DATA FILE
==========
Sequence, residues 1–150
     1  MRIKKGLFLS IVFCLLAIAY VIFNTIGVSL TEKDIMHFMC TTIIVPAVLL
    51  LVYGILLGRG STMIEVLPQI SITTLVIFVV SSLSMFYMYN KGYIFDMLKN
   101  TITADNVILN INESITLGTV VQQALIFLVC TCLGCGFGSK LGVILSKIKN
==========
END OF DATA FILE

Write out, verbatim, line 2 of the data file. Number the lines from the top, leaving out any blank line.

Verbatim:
     1  MRIKKGLFLS IVFCLLAIAY VIFNTIGVSL TEKDIMHFMC TTIIVPAVLL